I've said it before, and I'll say it again: despite how it may seem sometimes, and despite what the media might try to sell you, the vast majority of ideas cooking in our state legislature in Madison end up being bipartisan ideas. Over the past several months, I've served as a member of the Assembly Speaker's Task Force on Foster Care. This work group was co-chaired, equally, by Rep. Pat Snyder (R-Schofield) and Rep. Steve Doyle (D-Onalaska). And earlier this week, the 13 of us -- Republican and Democrat, male and female, black and white, from the cities of southeast Wisconsin to the farthest corners of our northwoods -- stood together to announce our introduction of 13 ideas that we think are positive steps toward helping the most vulnerable kids in our society succeed.
Kids in need don't care about party lines. They need help right now. I'm excited about the ideas that floated to the top during our task force's conversations and research, and I'm excited about the way we went about finding the ideas. Keep reading below to learn more about what we came up with.
As always, I encourage you to follow my updates on social media or contact my office directly with your questions. Best wishes on your weekend!
Fighting for the Most Vulnerable: Foster Forward
Our task force's "Foster Forward" package of legislative proposals focuses on six narrower topics within the subject of foster care: prevention, foster youth, foster parents, the courts, youth aging out of foster care and administration of the foster care system. Our preliminary report is now accessible online by clicking here. We offer 13 ideas; every single one is offered by Republican and Democrat lead authors. A few highlights follow:
Under current law, during a child in need of protection or services (CHIPS) court proceeding, the court generally may appoint counsel from the State Public Defender's office only for the child, not for the parents. (Occasionally, a juvenile court may appoint counsel for a parent, but at county expense.) We propose lifting that general prohibition and also creating a temporary five-county pilot program in which state funding will be provided to the Public Defender Board to ensure that all parents attending CHIPS proceedings are represented by competent counsel. The program will operate from July 2018 until June 2021, at which time a report will be due to the legislature so that we can evaluate the program's outcomes.
A few Wisconsin counties are served by trained volunteers called Court Appointed Special Advocates (CASAs). A CASA volunteer is assigned by the court to be an unbiased observer and assistant throughout the CHIPS proceedings. The volunteer maintains regular contact with the child; gets to know the family members; gets to know the appropriateness and safety of the child's environment; and reports back frequently to the court about what is working for that child and what isn't. Children who are served by CASA volunteers are far more likely to succeed and are far less likely to reenter foster care after leaving it. We propose a modest amount of new state funding to stabilize and expand this highly-useful, cost-effective program.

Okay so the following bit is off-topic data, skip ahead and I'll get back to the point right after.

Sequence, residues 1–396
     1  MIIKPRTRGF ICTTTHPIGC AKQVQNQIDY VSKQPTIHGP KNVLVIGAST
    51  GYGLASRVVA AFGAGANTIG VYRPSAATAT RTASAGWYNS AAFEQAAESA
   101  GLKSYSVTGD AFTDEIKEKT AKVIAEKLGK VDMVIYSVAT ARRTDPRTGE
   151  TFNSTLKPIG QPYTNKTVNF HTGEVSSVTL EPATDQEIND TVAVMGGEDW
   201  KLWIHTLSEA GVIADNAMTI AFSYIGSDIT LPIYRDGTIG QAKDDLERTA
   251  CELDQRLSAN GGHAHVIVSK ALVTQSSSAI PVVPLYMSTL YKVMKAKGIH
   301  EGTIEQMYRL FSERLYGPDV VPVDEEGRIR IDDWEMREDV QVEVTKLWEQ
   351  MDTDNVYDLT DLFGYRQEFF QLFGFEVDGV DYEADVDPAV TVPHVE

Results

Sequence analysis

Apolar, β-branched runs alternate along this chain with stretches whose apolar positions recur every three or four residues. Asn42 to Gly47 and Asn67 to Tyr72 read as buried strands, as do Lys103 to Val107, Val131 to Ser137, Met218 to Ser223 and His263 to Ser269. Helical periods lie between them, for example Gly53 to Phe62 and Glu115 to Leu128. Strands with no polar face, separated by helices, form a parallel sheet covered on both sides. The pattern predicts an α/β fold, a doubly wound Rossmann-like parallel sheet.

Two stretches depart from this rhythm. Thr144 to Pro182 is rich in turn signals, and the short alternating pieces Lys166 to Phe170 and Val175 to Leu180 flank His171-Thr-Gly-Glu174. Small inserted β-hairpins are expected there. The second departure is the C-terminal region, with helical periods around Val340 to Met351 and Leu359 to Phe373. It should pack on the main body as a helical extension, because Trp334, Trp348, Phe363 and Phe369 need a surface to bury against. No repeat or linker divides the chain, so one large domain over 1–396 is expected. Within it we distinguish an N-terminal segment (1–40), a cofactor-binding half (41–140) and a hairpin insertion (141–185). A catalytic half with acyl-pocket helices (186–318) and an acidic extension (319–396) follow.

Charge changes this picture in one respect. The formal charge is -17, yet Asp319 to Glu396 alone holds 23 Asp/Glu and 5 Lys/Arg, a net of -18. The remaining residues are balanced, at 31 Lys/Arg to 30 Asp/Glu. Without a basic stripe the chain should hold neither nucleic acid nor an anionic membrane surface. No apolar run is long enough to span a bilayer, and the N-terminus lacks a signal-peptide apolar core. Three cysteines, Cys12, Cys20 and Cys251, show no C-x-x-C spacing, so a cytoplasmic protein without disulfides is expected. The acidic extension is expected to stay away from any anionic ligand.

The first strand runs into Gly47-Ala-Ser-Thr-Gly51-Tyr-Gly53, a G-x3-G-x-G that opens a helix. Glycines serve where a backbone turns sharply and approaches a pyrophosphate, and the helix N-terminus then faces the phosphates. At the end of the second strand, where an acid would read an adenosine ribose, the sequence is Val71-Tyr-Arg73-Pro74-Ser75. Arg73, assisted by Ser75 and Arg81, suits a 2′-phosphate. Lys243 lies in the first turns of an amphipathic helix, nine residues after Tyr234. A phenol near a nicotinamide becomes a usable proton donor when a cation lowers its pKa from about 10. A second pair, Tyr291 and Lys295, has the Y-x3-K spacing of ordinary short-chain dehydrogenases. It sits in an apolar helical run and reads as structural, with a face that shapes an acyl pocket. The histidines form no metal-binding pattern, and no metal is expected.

Current law generally prohibits a child's mental health treatment records from being shared with anyone without the subject's informed consent. In practice, that means that mental health care providers can't communicate with a foster parent or a child welfare agency about a child's treatment, a situation that can seriously disrupt a child's health and/or treatment plan. We propose allowing a health care provider to release relevant portions of a child's mental health treatment records to an out-of-home care provider or a child welfare agency if the health care provider reasonably believes it necessary for the child's proper care.
We have many more ideas. Read all about them here!
Life Insurance Policy Locator
If you're a faithful reader of this newsletter, you may recall from some time ago that Wisconsin's Office of the Commissioner of Insurance (OCI) partnered last year with the National Association of Insurance Commissioners (NAIC) to offer a nationwide search tool that helps families discover lost, misplaced or unknown life insurance policies and annuities after the death of a loved one. Maybe you even saw news coverage highlighting this issue; I even remember a 60 Minutes episode about it. The new OCI/NAIC search program has been in place for about a year now, and the results are impressive!
Nationwide, more than 40,000 people have used the online tool to conduct a search. Since the launch of the online tool one year ago, fully 8,210 (more than 20 percent) of these people have been matched with a total of $92.5 million that is rightfully theirs! In Wisconsin, 121 beneficiaries have been matched with more than $1.5 million in unclaimed or unknown benefits during the past year.
Just click this green button to give it a try for yourself if you believe you might be the beneficiary, executor or legal representative of a person whose life insurance policy was never paid out!
Great Work, Storm!
If you're a frequent caller or writer to my Madison office, then you probably know my very capable aide, Storm Trendel, who spends most of her time helping me serve and communicate with constituents like you. This past Monday, Governor Scott Walker signed into law a bill that I authored to save local taxpayers money when their governments are planning future projects. In addition to Storm's regular duties, this bill was the first for which she was chiefly responsible for assisting me at every step: working with the attorneys to get the language drafted properly, preparing me to deliver public testimony during the committee process, liaising with our Senate colleagues and so much more. It was my honor to have her next to me for the signing of the bill into law; that pen that the Governor is holding went to her, and it is well-deserved indeed!